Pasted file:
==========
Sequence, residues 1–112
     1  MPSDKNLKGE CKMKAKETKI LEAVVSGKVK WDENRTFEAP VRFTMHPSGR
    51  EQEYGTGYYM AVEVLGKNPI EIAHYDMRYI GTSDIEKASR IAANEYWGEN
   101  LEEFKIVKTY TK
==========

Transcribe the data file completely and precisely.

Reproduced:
Sequence, residues 1–112
     1  MPSDKNLKGE CKMKAKETKI LEAVVSGKVK WDENRTFEAP VRFTMHPSGR
    51  EQEYGTGYYM AVEVLGKNPI EIAHYDMRYI GTSDIEKASR IAANEYWGEN
   101  LEEFKIVKTY TK